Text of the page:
I Tried Ranking The Tracks in Dawn of Chromatica by Lady Gaga And…

I Tried Ranking The Tracks in Dawn of Chromatica by Lady Gaga And…

Trust me, it was a big struggle



More than a year after Lady Gaga returned to her electronic dance-pop roots with Chromatica, Little Monsters were in for a treat as Dawn Of Chromatica dropped. The remix album was previously teased by producer and long-time collaborator BloodPop, who’s been dropping hints and teasers leading up to the launch. For this release, Mother Monster rounded up hyperpop moguls to elevate the experience of listening to the album all over again.



RELATED: 5 Looks From TV and Film We’d Love to Wear to Chromatica


Chromatica is a strong album in itself already, an ode to Lady Gaga's electric pop beginnings while presenting something entirely raw and theatrical. But the careful curation of artists who came on the record made Dawn of Chromatica the great remix album it is, as every singer and producer brings a new way to reimagine and redecorate each song. If this is what raves sound like in Chromatica, best believe I’d be showing up every night. 


In true Type A fashion, I tried ranking each track one by one…only to come up stumped. Because after all, how do you choose the best when the entire lineup is good? Instead, scroll along to find the poster tracks for hyperpop and the ultimate game-changers that solidify Dawn Of Chromatica as a strong remix collection.


The poster hyperpop tracks

These tracks are the ones guaranteed to be amazing remixes, a perfect introduction for someone who’s yet to enjoy the wonders of this eccentric genre of electronic pop. Free Woman with Rina Sawayama and Clarence Clarity opens up with an electric guitar shred, a nod to Rina’s punk-meets-pop brand of music. It’s a whole different kind of empowering, one that’s more aggressive that it pushes you to conquer and liberate. Similarly, Charli XCX and A.G. Cook—the father of hyperpop—team up and bring their version of 911. It kicks it off with Charli’s haunting voice before warping off to an equally hypnotic anthem. It reinforces the detached, robotic vibe of the original mix.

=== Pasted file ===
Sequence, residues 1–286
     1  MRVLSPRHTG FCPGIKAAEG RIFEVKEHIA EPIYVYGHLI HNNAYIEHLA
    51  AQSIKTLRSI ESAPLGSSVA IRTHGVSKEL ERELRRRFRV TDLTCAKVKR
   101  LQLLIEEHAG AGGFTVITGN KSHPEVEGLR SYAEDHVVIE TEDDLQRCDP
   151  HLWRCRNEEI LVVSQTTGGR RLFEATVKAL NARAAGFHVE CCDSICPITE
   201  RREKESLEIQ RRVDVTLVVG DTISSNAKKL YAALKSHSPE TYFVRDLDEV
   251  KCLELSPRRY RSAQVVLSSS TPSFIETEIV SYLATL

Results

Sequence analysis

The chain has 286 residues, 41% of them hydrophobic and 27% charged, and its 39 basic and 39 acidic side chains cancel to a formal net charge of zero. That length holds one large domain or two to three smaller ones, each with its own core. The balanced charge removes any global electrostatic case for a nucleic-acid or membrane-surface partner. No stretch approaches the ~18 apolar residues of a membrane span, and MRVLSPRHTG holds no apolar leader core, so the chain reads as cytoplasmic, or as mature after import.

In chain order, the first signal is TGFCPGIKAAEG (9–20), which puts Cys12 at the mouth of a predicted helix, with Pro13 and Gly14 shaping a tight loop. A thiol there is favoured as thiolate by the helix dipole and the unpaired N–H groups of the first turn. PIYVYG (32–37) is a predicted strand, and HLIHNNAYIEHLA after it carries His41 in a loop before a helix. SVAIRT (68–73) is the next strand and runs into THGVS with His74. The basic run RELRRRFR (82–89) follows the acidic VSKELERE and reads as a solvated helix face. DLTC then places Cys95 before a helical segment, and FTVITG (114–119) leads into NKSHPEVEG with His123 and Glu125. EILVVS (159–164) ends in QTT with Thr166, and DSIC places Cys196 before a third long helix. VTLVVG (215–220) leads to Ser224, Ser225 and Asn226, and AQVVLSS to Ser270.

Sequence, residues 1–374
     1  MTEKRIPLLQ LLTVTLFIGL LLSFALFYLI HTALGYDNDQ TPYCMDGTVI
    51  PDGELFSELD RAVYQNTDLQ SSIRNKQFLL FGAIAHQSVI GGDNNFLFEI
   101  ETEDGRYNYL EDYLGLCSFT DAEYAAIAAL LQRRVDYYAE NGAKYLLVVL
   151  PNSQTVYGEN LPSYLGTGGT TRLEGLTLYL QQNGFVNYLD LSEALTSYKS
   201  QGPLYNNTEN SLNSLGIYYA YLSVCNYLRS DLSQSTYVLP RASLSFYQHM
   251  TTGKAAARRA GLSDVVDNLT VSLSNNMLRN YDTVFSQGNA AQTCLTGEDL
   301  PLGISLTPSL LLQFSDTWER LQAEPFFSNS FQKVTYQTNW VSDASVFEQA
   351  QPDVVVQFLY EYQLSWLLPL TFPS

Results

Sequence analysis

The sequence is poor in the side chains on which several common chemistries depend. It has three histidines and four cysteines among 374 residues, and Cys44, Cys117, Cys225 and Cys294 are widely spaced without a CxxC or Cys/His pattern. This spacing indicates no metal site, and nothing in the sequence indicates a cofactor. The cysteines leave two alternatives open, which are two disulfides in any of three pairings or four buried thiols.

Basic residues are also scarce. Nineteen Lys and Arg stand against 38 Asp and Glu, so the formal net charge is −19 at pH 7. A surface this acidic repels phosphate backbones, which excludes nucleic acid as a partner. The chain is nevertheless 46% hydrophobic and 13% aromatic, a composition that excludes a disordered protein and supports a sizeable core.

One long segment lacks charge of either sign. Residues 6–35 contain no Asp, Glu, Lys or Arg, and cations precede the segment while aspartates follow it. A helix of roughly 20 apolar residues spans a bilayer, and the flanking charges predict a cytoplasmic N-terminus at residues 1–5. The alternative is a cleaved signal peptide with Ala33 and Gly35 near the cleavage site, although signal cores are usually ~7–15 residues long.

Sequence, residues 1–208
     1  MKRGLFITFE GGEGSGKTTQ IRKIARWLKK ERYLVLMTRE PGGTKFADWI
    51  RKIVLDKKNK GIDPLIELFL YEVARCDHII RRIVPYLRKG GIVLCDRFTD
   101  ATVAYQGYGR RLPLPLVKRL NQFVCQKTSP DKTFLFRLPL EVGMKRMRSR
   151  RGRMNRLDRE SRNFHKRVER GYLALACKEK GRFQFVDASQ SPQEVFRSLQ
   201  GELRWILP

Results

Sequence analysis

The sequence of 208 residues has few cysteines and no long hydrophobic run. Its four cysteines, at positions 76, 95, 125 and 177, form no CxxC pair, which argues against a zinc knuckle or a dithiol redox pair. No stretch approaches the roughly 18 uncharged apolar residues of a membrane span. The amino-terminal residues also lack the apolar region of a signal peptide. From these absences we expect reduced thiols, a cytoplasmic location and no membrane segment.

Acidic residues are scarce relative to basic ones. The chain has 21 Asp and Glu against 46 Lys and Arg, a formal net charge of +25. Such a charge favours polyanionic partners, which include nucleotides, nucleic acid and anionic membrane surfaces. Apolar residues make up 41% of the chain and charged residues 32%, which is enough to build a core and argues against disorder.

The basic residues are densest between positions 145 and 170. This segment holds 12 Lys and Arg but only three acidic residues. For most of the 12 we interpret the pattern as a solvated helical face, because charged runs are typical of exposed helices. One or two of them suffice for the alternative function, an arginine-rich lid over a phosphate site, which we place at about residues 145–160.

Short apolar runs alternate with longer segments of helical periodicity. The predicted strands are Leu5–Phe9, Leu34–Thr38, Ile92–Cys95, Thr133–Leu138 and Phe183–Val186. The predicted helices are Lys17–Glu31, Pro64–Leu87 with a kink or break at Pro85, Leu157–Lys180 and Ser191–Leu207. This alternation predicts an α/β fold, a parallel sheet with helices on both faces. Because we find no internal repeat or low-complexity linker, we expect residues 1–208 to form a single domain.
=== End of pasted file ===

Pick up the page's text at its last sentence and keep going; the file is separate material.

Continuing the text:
Meanwhile, the Haus Labs version of Babylon elevates it as a song best fit for a runway, a fabulous anthem that might make its way as a ballroom mainstay. Going down a similar path is Shygirl and Mura Masa’s rehashing of Sour Candy featuring BLACKPINK. It’s still seductive and laden with attitude, especially with Shygirl’s airy, almost lazy-like drawling and electronically-warped singing, before it transitions to Lady Gaga’s blunt enunciations and BLACKPINK’s sweet voices.


The game-changers 

But among the list of poster tracks that would make any long-time Gaga fan drool, certain game-changers would just leave you in awe. Pabllo Vittar’s remix of Fun Tonight gave the party anthem a South American spin with its bachata-like accordion sounds. Pabllo’s and Lady Gaga’s voices mix well, making the track a lot more addictive. Meanwhile, Ashnikko’s take on Plastic Doll is put in the same league as her raspy, deep voice becomes a great contrast against Lady Gaga’s flawless vocals. 


The biggest gamechanger in the album is arguably Sine From Above, remixed by Chester Lockhart, Mood Killer and Lil Texas. This track exudes the most extensive complexity in production, with different layers of sounds and textures that make it a next-level listening experience. It’s the best kind of unpredictable, one that throws you from one direction to another in each part to keep you on your toes.



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Many argue that Dawn Of Chromatica from Lady Gaga is all noise, blender music and maybe even unnecessary. But if anything, it’s a great dip into the wild, colorful world of hyperpop where Chromatica is the bridge. Each song is varied, never trapped in a special, overused formula. Instead, Lady Gaga’s all-out vocals bolster each artist’s style and let them shine with her.


And I guess that’s what Chromatica is all about, as both a cyberpunk planet of escape and a musical piece of art: it’s diverse, campy and unique. It celebrates the self—each one’s individuality and style.



Art Matthew Ian Fetalver


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